There is a new chocolate movement underway today. Recently, chocolate has seen a revolution marked by an increasing interest in high-quality, craft chocolates and ethical, sustainable cacao farming practices.
The reasons for the revolution center around several ethical and environmental concerns.
- Small cacao farmers do not receive a fair wage. Even though the demand for cacao is growing, farmers are still underpaid and impoverished. It’s estimated that 4.4 million tons of cacao are produced each year, and 90 percent of that cacao is produced in West Africa, Asia and Latin America by five million small farmers. The cacao supply chain is one of the biggest ethical concerns. The majority of cacao beans are sold as a commodity crop where farmers are paid the same regardless of quality. The bottom line—the root cause of cacao farmers’ poverty is that the amount farmers are paid does not cover the cost of the cacao they produce.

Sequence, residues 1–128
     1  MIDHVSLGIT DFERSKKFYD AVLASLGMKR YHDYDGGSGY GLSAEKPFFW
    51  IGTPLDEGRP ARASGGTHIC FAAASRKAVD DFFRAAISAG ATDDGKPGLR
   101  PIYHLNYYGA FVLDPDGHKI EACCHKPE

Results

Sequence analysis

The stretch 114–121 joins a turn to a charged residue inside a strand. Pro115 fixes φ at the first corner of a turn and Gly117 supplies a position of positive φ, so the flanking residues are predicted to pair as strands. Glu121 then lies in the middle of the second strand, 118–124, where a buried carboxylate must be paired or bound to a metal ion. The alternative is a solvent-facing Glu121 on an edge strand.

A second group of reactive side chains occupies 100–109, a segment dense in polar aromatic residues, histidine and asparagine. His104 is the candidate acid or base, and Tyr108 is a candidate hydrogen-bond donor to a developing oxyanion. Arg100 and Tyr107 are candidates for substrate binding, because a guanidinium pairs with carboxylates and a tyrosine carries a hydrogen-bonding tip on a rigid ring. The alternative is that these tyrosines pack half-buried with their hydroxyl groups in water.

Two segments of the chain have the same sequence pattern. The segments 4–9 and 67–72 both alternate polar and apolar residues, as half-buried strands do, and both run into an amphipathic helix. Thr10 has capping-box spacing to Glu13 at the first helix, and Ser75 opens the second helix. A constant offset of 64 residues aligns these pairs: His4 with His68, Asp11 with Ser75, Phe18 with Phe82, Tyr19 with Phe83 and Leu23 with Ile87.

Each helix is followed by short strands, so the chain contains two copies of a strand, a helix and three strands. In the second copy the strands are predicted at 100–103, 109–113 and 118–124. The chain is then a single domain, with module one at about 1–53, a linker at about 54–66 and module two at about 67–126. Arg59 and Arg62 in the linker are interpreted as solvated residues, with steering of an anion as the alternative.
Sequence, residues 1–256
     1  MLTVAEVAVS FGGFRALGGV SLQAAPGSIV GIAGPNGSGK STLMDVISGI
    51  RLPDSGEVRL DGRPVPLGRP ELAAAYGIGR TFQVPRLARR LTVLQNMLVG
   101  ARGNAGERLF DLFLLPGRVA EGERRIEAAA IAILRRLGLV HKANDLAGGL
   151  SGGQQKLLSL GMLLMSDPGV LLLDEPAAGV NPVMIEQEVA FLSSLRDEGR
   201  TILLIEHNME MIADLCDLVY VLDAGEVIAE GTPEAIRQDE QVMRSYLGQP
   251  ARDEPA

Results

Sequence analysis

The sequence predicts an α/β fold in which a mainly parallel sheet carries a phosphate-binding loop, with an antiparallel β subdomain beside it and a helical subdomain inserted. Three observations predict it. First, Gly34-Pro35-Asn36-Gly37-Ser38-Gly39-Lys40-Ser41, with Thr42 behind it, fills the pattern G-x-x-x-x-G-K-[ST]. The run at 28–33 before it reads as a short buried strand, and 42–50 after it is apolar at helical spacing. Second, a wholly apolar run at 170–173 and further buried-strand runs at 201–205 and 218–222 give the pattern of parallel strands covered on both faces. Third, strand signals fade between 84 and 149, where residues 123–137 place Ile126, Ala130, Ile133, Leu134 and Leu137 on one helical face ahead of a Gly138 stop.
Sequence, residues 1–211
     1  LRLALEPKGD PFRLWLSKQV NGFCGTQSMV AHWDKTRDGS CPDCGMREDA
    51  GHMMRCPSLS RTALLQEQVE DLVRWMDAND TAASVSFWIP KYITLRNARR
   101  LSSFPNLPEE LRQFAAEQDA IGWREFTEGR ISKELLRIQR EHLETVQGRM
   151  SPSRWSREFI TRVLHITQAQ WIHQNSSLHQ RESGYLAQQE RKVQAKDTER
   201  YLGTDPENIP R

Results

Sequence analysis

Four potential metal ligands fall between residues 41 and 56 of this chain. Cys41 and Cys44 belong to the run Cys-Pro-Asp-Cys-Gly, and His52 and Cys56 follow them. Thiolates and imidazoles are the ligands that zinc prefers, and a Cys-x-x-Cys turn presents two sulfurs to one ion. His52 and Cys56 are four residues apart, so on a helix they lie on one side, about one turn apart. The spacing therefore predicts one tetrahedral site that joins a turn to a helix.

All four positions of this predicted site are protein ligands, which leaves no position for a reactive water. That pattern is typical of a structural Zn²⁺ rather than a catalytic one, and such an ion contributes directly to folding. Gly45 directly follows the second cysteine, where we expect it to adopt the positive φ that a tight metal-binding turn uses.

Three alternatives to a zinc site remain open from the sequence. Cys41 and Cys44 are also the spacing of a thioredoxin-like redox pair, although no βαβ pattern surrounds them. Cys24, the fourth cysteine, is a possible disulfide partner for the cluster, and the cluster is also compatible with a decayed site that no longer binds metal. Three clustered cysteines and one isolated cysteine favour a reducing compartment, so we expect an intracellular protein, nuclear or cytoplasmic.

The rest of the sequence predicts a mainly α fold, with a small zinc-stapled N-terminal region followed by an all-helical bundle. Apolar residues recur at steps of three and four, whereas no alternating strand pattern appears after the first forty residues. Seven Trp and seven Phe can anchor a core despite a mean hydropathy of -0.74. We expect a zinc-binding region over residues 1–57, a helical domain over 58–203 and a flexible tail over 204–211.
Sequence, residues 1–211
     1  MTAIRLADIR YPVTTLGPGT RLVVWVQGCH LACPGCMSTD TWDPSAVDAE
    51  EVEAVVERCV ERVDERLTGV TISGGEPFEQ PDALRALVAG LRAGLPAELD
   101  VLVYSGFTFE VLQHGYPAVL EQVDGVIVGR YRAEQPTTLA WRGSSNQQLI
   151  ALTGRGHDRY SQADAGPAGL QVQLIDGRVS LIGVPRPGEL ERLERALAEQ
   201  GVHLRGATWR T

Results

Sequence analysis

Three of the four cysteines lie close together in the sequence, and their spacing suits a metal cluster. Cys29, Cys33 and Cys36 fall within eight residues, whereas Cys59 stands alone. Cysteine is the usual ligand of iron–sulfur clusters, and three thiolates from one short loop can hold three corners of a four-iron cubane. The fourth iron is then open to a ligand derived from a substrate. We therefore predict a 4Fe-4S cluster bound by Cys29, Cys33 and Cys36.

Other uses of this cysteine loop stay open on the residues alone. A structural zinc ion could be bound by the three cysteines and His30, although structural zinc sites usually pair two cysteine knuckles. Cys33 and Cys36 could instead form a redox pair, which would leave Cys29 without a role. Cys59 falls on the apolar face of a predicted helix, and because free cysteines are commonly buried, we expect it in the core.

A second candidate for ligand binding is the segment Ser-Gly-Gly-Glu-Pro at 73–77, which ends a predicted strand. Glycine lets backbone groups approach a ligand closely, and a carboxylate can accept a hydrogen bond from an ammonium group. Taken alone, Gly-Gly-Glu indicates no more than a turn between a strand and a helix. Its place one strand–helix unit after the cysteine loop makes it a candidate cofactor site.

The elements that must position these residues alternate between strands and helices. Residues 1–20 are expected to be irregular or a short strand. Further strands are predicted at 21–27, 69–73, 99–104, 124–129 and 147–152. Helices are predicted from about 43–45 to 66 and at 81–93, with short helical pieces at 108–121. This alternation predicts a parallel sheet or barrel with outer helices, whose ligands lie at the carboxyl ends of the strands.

- Small cacao farmers are exploited. Exploitation ranges from pay as low as $1 a day to child laborers who work the cacao farms to deforestation to clear land and plant more cacao trees. Many cacao farmers lack a voice and participation in the farming and harvesting process.
- Fair-trade labels do not solve these ethical problems. Consumers often look for a fair-trade or sustainability certification on the chocolate they purchase. This label inspires trust because a fair-trade certification is supposed to ensure that the cacao beans are grown ethically and without using child or slave labor. Unfortunately, this label does not ensure these standards are being met. Numerous investigations into some West African fair-trade cacao farms have uncovered unethical practices in spite of these certifications. In addition, the cost of the certifications is out of reach of many of these small farmers.